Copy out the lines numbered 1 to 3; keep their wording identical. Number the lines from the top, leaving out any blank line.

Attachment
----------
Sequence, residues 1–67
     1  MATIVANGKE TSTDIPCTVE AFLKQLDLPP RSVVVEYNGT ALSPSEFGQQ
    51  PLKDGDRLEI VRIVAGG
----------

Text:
Sequence, residues 1–67
     1  MATIVANGKE TSTDIPCTVE AFLKQLDLPP RSVVVEYNGT ALSPSEFGQQ
    51  PLKDGDRLEI VRIVAGG